The co-anchor of The MacNeil-Lehrer Newshour and author of the One-Eyed Mack series looks back on his life so far, including his love of buses and his 1983 heart attack. This is the portrait of a hard-working, ethical, innocent, ambitious man who seems to have become one of America's preeminent journalists by dint of sheer earnestness. The book begins and ends with buses. Lehrer's father ran a Kansas mom-and-pop bus line that failed—and so Lehrer conceived a lifelong passion for bus memorabilia in all forms, and for buses like the Flxible Clipper, the Aerocoach, and the ACF-Brill—exotic mechanical beasts that plied the midwestern bus routes of the author's youth. He is deft with the small moments and habits of life: He chides a Marine drill instructor for mispronouncing his name; asks a Secret Service agent if they're going to put the bubble-top on Kennedy's limousine in Dallas; eats pastrami sandwiches with mayo; and gets a one-sentence lesson on interviewing politicians from Nelson Rockefeller: "Look, fella, if people like you could get me to say things I didn't want to say, I wouldn't be here." For Newshour fans who always suspected that MacNeil and Lehrer dress that way on purpose, there's an explication of the "skivvy shirt rule": "Nothing should be noticed or absorbed except the information....There is no such thing as a pretty slide, a zippy piece of music, a trendy shirt, a dynamic set, a tough question, or anything else, if it deflects even a blink of attention from the information." Lehrer, we learn, was turned on to journalism by a Runyonesque Texas newsman named "Sticks" Strahala, and he himself seems to have kept a boyish, wide-eyed cub-reporterenthusiasm intact in the corridors of power. Sometimes hokey, but down to earth, genuinely affecting, and immensely likable. (Eight pages of b&w photographs—not seen.)
Known to television viewers as the nightly news anchor on PBS, Jim Lehrer has managed to find time to write more than a dozen novels, plus two memoirs and three plays. As he once admitted, he's known as "the TV guy who also writes books." Someday, Lehrer mused, "maybe it will go the other way and I'll be the novelist who also does television."
Jim Lehrer didn't always aspire to be a writer -- when he was 16, he wanted to play for the Brooklyn Dodgers. Since he wasn't a very good baseball player, he turned to sports writing, then writing in general. As a member of what he's called "the Hemingway generation," he decided to support himself as a newspaper writer until he could make a living as a novelist.
After graduating from the University of Missouri with a degree in journalism, Lehrer served for three years in the U.S. Marine Corps, then began his career as a newspaper reporter, columnist and editor in Dallas. His first novel, about a band of Mexican soldiers re-taking the Alamo, was published in 1966 and made into a movie. Lehrer quit his newspaper job in order to write more books, but was lured back into reporting after he accepted a part-time consulting job at the Dallas public television station. He was eventually made host and editor of a nightly news program at the station.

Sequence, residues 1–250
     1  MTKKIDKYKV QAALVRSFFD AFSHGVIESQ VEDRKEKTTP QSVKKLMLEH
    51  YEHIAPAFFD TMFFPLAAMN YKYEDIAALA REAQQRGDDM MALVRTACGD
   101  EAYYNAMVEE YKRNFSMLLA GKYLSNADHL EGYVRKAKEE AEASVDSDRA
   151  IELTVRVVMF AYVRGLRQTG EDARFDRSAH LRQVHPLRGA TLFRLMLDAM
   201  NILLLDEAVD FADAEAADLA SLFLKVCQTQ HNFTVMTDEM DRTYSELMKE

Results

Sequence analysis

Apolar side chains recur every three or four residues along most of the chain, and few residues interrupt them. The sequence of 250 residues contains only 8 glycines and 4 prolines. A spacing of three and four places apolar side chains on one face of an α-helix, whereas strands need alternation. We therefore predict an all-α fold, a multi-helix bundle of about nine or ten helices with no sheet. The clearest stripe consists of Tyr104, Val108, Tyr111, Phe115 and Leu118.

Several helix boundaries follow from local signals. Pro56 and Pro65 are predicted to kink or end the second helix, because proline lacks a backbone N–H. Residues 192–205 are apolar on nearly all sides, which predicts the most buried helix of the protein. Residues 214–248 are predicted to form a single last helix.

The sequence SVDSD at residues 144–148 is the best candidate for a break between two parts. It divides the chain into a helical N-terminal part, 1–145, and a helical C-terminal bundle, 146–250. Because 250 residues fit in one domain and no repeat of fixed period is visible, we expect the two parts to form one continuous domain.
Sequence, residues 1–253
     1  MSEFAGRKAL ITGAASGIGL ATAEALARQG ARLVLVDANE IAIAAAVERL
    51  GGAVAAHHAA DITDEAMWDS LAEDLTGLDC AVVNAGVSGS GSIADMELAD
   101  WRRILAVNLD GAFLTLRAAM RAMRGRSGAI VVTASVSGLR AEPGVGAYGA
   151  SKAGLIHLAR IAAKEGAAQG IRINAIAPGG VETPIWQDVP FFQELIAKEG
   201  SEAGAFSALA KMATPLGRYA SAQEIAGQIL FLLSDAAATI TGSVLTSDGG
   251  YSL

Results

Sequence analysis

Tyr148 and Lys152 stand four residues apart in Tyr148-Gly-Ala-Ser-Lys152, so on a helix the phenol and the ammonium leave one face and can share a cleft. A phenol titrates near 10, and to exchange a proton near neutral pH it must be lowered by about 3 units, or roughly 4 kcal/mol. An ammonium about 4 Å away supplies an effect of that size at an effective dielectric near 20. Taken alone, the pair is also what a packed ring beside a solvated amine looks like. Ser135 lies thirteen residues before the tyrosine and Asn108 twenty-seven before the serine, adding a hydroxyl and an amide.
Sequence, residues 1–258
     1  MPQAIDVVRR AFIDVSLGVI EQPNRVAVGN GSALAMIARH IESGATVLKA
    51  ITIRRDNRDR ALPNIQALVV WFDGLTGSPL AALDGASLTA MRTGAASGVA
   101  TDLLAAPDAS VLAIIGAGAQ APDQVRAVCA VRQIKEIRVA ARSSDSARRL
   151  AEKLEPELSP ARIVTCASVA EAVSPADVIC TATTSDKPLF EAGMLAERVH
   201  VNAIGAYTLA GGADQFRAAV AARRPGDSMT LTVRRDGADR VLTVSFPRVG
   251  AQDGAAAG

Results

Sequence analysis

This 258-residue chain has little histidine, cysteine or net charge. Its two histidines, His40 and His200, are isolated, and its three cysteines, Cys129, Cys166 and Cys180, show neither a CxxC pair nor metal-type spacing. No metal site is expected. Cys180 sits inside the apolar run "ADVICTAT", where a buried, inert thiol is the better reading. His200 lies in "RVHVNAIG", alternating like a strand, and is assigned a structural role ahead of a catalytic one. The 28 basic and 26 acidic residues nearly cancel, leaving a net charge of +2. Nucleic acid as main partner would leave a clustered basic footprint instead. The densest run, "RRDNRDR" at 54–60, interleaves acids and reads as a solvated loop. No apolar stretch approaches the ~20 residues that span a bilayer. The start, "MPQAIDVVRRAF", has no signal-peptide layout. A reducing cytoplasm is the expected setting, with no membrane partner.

Lehrer then moved to Washington, D.C., where he worked as public affairs coordinator for PBS and as a correspondent for the National Public Affairs Center for Television (NPACT). At NPACT, Lehrer teamed up with Robert MacNeil to provide live coverage of the Senate Watergate hearings, broadcast on PBS. It was the beginning of a partnership that would last more than 20 years, as Lehrer and MacNeil co-hosted The MacNeil/Lehrer Report (originally The Robert MacNeil Report) from 1976 to 1983, and The MacNeil/Lehrer NewsHour from 1983 to 1995. In 1995, MacNeil left the show, but Lehrer soldiered on as solo anchor and executive editor of The NewsHour with Jim Lehrer.
When he wasn't busy hosting the country's first hour-long news program, Lehrer wrote and published books, including a series of mystery novels featuring his fictional lieutenant governor, One-Eyed Mack, and a political satire, The Last Debate. Lehrer surprised critics and won new readers with his breakout success, White Widow, the "tender and tragic" (Washington Post) tale of a small-town Texas bus driver. He followed it with the bestselling Purple Dots, a "high-spirited Beltway romp" (The New York Times Book Review), and The Special Prisoner, about a WWII bomber pilot whose brutal experiences in a Japanese P.O.W. camp come back to haunt him 50 years later. His recent novel No Certain Rest recounts the quest of a U.S. Parks Department archaeologist to solve a murder committed during the Civil War.
Across this wide range of subjects, Lehrer is known for his careful plotting and even more careful research. Clearly, this is a man who cares about good stories -- but which is more important to him, journalism or fiction? Lehrer once admitted that he's known as "the TV guy who also writes books. Someday, maybe it will go the other way and I'll be the novelist who also does television."
Good To Know
During the last four presidential elections, Lehrer has served as a moderator for nine debates, including all three of the presidential candidates' debates in 2000. He also hosted the Emmy Award-nominated program "Debating Our Destiny: Forty Years of Presidential Debates."
Lehrer lives in Washington, D.C., with his wife, novelist Kate Lehrer. The two also have an 18th-century farmhouse close to the Antietam battle site. Visits to the site helped inspire Lehrer's thirteenth novel, No Certain Rest.
Robert MacNeil, for many years the co-host with Jim Lehrer of PBS's MacNeil/Lehrer NewsHour, is also a novelist. His books include Burden of Desire, The Voyage and Breaking News.